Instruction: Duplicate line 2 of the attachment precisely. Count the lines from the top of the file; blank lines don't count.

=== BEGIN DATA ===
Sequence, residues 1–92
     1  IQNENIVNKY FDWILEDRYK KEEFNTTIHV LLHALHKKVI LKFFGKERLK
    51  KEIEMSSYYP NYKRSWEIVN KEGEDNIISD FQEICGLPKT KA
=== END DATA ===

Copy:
     1  IQNENIVNKY FDWILEDRYK KEEFNTTIHV LLHALHKKVI LKFFGKERLK